What we’re looking at is not the moral behavior Christianity requires, and which to a great degree other religions require, but what we’re looking at is the supernaturally changed heart–the traits or characteristics of a new heart that only the gospel in its peculiar way of relating us to God can produce.
The trait we now come to is what the world calls tolerance. And we have to confront a very, very urgent question. The question is how should you relate, how can you relate to someone whose views and values and practices offend you, distress you? How can we relate to people with whom we deeply differ?
The world says we need to be tolerant, but I want to show you here that Paul says the mark of a supernaturally changed heart is to go way beyond tolerance. There’s something greater than tolerance, something I’m going to call gospel-receptivity–a loving, peaceful receptivity toward people with whom we deeply differ, which is different than tolerance. It’s better than it. It’s greater than it.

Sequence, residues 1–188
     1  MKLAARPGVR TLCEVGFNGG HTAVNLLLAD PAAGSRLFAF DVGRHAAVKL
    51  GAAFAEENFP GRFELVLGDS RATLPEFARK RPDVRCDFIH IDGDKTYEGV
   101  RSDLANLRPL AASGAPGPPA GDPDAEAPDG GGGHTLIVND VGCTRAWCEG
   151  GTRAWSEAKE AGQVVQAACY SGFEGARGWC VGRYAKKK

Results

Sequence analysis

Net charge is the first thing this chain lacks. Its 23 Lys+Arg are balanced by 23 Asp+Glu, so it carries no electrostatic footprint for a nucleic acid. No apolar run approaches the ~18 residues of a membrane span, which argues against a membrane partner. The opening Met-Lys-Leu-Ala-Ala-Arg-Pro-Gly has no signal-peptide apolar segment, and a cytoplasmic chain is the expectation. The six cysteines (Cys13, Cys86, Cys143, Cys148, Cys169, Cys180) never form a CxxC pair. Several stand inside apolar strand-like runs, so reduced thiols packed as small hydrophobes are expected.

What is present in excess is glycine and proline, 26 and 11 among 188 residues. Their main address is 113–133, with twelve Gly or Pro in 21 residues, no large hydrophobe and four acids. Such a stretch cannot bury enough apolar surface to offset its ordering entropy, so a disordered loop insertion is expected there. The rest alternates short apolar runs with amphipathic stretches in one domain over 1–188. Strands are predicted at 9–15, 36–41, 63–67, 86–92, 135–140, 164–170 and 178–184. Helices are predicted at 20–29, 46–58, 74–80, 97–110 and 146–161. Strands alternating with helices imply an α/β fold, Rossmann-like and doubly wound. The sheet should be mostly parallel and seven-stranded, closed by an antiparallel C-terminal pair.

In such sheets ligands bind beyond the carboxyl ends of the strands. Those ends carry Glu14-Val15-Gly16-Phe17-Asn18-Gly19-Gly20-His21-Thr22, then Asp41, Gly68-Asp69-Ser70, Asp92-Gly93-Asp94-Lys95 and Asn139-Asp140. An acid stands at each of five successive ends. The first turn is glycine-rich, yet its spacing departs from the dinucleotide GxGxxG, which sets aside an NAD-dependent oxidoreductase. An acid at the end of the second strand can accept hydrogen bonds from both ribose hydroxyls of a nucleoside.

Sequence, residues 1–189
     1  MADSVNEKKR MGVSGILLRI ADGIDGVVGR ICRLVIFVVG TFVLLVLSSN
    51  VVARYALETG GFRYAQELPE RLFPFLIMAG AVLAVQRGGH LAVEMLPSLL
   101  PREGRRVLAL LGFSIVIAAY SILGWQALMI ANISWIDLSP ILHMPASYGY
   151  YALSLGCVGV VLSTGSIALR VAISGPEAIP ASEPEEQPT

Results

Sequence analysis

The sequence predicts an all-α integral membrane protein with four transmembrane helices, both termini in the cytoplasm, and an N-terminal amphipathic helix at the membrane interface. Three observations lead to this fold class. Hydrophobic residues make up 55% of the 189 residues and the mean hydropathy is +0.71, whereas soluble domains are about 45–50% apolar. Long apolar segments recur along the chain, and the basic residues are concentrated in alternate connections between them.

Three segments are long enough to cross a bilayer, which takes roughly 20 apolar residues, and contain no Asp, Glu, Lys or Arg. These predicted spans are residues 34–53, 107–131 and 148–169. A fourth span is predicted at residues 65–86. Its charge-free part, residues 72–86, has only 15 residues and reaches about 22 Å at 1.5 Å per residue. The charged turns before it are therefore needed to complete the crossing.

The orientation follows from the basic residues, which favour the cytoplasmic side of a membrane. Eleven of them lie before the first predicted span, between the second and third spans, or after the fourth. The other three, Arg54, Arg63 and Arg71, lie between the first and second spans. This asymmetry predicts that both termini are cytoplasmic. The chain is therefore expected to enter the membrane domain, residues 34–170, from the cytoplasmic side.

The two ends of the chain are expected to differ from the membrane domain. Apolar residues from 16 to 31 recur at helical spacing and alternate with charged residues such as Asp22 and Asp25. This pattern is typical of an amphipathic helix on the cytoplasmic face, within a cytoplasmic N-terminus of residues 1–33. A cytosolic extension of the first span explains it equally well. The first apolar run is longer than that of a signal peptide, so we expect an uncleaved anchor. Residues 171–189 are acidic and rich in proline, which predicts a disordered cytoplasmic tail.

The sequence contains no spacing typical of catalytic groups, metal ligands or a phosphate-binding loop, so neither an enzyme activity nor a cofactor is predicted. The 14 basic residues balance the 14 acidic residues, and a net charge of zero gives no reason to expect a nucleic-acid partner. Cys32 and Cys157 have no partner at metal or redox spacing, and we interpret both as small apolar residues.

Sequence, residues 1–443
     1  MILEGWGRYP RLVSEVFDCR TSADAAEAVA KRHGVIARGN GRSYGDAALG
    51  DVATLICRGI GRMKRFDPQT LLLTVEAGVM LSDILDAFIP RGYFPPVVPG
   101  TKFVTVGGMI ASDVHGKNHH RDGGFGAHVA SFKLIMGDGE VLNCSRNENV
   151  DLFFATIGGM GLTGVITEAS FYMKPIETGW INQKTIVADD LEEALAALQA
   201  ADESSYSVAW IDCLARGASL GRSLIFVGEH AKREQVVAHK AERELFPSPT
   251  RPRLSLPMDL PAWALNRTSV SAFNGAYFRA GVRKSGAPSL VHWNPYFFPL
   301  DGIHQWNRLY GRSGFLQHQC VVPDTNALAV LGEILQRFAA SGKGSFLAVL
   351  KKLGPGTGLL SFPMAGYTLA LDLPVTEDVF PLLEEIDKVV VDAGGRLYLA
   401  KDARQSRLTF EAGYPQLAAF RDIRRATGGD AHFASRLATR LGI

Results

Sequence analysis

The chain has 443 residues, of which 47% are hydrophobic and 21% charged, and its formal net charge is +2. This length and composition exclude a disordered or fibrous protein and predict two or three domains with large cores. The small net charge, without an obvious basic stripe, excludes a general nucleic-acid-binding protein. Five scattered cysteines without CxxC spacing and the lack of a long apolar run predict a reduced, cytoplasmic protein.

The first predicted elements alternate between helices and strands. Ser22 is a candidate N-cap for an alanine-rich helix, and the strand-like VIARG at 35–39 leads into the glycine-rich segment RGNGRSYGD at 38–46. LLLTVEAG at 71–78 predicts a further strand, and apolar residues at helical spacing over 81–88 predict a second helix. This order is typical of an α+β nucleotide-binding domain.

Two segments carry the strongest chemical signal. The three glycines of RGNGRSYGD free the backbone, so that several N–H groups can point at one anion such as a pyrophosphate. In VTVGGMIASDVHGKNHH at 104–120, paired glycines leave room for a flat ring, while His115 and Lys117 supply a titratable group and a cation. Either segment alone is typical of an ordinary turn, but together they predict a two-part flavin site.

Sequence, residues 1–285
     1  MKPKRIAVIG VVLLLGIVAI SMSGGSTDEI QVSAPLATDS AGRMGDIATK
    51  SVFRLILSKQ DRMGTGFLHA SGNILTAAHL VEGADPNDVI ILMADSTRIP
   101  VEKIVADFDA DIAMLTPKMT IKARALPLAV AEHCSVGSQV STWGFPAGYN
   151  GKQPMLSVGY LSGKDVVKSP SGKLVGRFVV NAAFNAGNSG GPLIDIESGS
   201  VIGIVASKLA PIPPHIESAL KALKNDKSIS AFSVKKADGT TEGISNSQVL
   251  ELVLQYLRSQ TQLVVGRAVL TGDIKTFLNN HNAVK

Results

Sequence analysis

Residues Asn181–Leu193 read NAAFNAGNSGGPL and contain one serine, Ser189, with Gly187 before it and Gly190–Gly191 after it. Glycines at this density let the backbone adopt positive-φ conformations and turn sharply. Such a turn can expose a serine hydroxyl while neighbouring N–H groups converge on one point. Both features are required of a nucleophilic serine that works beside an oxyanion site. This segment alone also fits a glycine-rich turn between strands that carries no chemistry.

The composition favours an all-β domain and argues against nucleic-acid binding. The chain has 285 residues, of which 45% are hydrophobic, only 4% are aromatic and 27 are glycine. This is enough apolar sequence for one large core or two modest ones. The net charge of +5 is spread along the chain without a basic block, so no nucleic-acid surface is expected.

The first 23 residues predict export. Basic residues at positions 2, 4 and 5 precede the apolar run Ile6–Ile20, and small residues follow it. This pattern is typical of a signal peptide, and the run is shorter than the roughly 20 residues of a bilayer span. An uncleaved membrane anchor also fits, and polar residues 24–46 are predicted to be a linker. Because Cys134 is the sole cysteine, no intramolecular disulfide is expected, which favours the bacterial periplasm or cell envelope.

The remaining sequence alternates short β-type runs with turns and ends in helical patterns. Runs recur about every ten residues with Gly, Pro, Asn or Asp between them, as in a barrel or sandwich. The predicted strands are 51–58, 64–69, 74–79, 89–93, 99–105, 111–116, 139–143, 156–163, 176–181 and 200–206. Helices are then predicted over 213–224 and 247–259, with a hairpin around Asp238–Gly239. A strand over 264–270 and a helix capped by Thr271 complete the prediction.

What is this receptivity, this receptive grace? Let’s figure out what it’s not, what it is, and how do we develop it.
This sermon was preached by Rev. Timothy Keller at Redeemer Presbyterian Church on February 10, 2002. Series "Practical Grace; How the Gospel Transforms Character". Scripture: 1 Corinthians 8:4-11; Romans 15:1-7.
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